Writing a blog on tea, I am discovering is like experiencing a great tea. Here’s how…
There are an array of teas to choose from (for my blog it is the people I have met and continue to meet).
Something at the subconscious level surfaces in a moment and I am attracted towards a particular tea. It could be a moment of feeling adventurous to try something new, or wanting the comfort of a tea well known to me. It may well be that I am open to the recommendation of a friend or an expert and in a state of allowing myself to be influenced. So it is with the people I meet. A tea aficionado I meet or talk with unravels an aspect of the tea business that resonates within and it brews, gathering momentum to turn into something for presentation.
Just as it takes being in a relaxed focused space to experience a tea, the words of a tea aficionado have to be given the space to develop into a crisp share of their experience of being a tea aficionado.
The tea experience is the coming together of a number of factors. The ambience, the aroma, the taste, the subtle nuances, the accompanying accoutrements, the company or the quality of solitude. They all add to the final experience that settles into the sub conscious, only to resurface in that moment when you make a choice to relive the experience. It is a unique experience.
The link between the people I present in each post exists at a subtle level. It may, may not be evident. It maybe that it reveals itself gradually as you savour the words, the evolution process of becoming an aficionado. Either ways it is unique – just like a tea.
This blog is about an experience that knows no timelines or deadlines. The Tea Aficionaods have their moment of sharing their unique experience on a Tea Time(-line).
This week I would like to share food for the soul and body.
In Dr. Steven Owyoung’s translation of the poetry from the C’a-Ching I find food for the soul. Reading the poem gives you an experience of how tea was approached. How important was each ingredient, each action and the spirit with which the tea maker approached the action of making tea. The poetry is imbued with a reverence for each element. I am transported to another realm as I read. When the reading is accompanied with a fine tea in an ambience such as Steven has created for himself in the ch’i-yuan it can only take you to realms hitherto not remotely experienced!
(For an even more sublime experience visit http://www.tsiosophy.com)
From the sublime to the physical is a journey that is imperative. For it is the physical that can allow the experience of the sublime. Cynthia Gold gives us food for the body with her exotic recipes that use tea as a vital ingredient to enhance the dishes and cocktails she creates after experimenting with combinations, proportions and what have you. Cynthia to me is someone whose passion crosses boundaries and I cannot help but get drawn into the wonderland of cooking with tea.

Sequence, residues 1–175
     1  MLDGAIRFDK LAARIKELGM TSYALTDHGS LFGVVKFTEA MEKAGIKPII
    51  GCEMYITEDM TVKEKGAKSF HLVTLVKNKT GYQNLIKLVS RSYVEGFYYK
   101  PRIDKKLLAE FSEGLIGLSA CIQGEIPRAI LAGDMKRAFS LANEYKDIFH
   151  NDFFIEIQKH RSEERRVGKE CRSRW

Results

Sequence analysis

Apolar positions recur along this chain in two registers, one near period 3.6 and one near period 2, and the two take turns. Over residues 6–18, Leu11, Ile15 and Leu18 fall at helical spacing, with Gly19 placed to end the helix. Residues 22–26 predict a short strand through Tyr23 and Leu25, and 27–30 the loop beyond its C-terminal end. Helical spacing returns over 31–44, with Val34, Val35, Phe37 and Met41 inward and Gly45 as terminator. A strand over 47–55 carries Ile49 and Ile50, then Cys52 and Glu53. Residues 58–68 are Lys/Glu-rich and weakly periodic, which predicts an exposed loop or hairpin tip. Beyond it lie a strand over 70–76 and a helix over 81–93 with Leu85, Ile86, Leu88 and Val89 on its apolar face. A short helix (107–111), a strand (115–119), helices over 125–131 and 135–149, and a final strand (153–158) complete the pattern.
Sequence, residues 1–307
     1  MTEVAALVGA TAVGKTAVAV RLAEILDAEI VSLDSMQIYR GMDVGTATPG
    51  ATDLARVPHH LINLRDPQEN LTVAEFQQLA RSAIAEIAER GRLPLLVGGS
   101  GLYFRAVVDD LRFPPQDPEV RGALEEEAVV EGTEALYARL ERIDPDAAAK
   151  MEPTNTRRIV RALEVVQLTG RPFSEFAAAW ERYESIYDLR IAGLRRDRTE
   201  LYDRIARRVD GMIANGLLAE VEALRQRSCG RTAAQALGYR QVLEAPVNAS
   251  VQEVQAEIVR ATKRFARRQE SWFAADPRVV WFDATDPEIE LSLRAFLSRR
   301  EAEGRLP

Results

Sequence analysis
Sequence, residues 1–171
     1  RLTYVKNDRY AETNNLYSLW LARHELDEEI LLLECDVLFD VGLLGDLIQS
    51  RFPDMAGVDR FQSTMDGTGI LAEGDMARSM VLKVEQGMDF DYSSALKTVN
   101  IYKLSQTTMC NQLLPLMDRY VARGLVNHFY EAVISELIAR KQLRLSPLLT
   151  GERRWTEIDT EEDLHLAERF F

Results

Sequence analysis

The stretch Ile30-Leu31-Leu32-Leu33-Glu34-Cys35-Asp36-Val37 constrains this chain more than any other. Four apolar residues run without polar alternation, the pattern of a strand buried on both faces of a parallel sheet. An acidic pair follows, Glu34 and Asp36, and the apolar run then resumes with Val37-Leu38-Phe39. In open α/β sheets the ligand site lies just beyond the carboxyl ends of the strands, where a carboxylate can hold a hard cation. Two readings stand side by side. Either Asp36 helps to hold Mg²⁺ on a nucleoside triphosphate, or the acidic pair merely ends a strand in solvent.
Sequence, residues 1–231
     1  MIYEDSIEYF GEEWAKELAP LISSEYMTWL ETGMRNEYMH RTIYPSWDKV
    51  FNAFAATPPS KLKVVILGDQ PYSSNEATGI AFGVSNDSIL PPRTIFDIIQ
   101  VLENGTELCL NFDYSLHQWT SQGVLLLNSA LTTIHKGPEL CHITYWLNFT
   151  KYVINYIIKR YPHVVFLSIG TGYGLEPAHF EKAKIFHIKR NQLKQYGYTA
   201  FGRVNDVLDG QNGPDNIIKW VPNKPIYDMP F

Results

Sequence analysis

Enjoy the feast!
A very fine line existed between chai and tea as I grew up. Tea was served in a teapot , with milk in a creamer and sugar in a sugar pot served in a tray with cups and saucers. The ubiquitous “tea mug” had still not appeared. Of course when we had visitors or were visiting, it was customary to offer tea and be served tea. Tea when said in English in an otherwise Hindi conversation, meant a tea service and chai meant a brew of water, milk, sugar , tea leaves and other condiments. Chai was not at all the thing to drink in the household I grew up in! I grew up drinking tea. My memory of tea is the red Brooke Bond box my mother bought at the grocers. My father believing himself to be a man with a slightly refined taste, bought two different loose teas from a slightly upmarket place and mixed the teas in varying proportions to make his own ‘blend’ which he thought was better then anything being sold in the market. One tea he said was for the color and the other for the aroma and the two together created the perfect cup of tea according to him. I remember the number of times we returned from visiting someone and my father telling my mother that the tea had not quite satiated him because it was a different taste and flavor. I often thought about how a tea could have a different flavor given that it was made with some leaves, milk and sugar and after much pondering put it down to something the adults liked to talk about. I watched the adults consume tea and talk about the ‘blends’ my father created at home, if they can be called “blends” that is. This was in the 60s. Adults drank tea and we children got to look at the beautiful tea service and were allowed to have the sandwiches, biscuits and other snacks that were served with the tea. Until the mid 70s I had not tasted this drink that adults spent so much time over and that seemed to be a staple offering in every household…..